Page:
The best stories here are very good indeed. McGregor approaches his narratives elliptically and doesn’t shy away from experimentation. “In Winter the Sky,” for example, focuses on the fortunes of George, a young man who has been visiting his girlfriend. Driving home in a preoccupied state, he accidentally runs over a man, killing him instantly. Because he knows this would have a less-than-salutary effect on his future, George calmly buries the man and gets on with his relationship with the girl, eventually marrying her and taking care of his debilitated father. Years later the body is discovered, but there are no moral ramifications for George, only a little inconvenience. While McGregor conveys this narrative on the left-hand pages of the story, on the right-hand pages he gives us fragments of poetry written by George’s girlfriend/wife, poetry that gives us an alternative view of the events recounted. Another brilliant story, “Which Reminded Her, Later,” introduces us to Michael, a vicar, and Catherine, his wife. In deft strokes McGregor gives us glimpses of their earlier relationship, but by the time this story begins, they’re a long-suffering married couple. In his role as vicar (and Good Samaritan), Michael has invited a mysterious American woman into their house, a woman who spends much of her time dealing with a mysterious ailment. Catherine has little tolerance for this act of charity, and she and her husband become equally intransigent about how to deal with the situation. McGregor gives us 30 stories here, ranging from a single sentence to dense (and intense) re-creations of relationships.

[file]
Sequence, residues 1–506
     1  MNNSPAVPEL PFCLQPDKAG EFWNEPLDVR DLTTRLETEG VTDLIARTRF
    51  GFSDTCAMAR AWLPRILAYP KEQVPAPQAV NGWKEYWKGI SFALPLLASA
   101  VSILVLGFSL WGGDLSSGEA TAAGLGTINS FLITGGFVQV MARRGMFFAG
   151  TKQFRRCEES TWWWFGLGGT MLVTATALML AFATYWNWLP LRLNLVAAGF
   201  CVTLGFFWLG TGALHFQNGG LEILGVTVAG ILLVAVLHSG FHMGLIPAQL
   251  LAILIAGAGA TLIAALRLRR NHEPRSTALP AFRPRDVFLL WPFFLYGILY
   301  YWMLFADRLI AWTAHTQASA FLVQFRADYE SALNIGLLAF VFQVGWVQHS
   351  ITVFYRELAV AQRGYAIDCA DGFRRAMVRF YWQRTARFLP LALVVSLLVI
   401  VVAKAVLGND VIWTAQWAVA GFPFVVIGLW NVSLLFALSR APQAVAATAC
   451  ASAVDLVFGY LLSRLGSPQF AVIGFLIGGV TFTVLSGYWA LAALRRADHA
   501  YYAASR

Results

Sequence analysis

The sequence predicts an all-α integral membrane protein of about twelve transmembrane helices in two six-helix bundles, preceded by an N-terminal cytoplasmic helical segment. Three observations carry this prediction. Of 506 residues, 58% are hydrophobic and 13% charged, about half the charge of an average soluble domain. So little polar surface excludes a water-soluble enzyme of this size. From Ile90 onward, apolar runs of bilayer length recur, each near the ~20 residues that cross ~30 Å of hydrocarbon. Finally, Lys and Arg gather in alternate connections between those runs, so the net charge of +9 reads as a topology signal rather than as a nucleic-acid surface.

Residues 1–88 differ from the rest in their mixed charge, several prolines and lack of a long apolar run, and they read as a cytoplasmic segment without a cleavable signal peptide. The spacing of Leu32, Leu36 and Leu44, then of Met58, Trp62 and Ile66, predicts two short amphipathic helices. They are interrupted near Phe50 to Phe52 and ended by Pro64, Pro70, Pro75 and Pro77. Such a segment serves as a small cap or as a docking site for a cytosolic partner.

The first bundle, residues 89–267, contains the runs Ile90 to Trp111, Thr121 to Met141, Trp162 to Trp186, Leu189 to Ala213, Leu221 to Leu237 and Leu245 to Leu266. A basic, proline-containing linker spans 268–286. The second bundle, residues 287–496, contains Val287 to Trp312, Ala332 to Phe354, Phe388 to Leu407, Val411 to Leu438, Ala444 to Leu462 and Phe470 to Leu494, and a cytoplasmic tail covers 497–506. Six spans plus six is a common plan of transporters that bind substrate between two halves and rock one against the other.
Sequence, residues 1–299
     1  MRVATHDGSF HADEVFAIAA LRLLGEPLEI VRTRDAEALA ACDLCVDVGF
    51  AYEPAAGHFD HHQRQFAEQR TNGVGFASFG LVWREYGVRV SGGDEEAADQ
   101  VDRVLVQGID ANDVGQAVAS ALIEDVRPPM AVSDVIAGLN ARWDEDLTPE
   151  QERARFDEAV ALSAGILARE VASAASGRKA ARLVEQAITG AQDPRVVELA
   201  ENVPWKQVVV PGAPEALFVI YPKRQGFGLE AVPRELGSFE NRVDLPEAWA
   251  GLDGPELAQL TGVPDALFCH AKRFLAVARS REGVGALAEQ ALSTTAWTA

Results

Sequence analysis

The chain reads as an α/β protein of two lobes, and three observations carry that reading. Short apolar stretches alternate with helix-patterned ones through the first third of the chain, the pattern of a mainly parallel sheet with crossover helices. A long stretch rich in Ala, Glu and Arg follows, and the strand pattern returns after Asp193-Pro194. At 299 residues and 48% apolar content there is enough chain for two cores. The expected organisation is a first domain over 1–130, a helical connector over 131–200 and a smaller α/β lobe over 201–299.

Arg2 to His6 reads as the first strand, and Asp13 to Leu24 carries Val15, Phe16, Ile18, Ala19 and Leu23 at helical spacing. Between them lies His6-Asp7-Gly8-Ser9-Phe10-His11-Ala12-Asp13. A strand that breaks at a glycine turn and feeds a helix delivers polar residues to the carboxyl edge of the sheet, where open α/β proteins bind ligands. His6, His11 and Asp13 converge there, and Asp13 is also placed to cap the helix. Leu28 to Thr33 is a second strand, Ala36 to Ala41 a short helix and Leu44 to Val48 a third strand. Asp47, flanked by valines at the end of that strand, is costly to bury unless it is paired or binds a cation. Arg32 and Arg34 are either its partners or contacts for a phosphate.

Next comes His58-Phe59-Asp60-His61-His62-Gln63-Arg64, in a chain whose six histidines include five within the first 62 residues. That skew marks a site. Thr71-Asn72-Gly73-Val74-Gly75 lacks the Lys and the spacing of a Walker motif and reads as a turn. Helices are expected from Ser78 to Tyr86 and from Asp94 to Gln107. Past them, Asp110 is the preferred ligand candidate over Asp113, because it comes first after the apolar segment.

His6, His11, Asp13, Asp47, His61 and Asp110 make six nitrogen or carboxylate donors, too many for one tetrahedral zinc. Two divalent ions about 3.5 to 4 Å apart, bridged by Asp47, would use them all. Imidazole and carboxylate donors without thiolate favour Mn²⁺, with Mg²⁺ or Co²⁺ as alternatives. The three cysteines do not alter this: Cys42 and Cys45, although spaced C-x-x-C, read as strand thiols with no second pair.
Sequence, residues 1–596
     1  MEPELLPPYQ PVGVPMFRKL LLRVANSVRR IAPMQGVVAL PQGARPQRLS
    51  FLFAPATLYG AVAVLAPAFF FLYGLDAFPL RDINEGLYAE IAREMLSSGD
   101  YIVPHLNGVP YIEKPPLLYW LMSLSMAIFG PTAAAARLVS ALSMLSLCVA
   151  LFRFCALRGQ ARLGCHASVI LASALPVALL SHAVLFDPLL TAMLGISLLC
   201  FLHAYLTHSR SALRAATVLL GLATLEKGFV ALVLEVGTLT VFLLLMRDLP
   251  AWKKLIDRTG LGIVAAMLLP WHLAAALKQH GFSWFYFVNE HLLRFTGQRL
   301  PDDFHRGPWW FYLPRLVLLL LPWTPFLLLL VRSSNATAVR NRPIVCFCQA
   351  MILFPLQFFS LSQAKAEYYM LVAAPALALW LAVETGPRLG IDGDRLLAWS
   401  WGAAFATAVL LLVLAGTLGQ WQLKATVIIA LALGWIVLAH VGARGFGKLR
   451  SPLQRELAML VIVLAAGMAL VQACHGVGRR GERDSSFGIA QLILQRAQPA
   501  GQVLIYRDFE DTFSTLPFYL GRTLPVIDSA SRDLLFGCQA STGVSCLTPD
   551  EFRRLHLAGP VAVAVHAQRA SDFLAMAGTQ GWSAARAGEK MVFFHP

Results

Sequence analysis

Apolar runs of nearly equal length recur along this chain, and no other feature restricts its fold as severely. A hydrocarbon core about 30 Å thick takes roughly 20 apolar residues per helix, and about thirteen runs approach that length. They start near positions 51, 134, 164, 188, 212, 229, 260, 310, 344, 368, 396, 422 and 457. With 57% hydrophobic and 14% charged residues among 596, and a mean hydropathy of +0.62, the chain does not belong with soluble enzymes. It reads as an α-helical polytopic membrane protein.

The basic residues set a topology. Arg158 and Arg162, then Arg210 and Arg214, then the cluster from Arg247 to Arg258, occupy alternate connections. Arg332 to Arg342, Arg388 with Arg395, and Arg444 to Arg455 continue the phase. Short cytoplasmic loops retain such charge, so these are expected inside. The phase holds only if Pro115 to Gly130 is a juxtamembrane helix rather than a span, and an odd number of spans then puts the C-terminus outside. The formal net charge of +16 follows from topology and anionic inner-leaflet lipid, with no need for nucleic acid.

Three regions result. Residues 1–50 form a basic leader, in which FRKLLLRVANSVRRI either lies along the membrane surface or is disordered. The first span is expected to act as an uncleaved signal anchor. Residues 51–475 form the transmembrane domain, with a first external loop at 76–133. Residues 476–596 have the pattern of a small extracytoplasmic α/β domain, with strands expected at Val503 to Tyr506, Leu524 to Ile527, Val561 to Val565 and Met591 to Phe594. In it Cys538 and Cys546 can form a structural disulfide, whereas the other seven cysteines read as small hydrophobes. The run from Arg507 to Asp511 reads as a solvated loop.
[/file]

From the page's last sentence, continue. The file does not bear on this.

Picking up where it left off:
Impressive and unconventional fiction.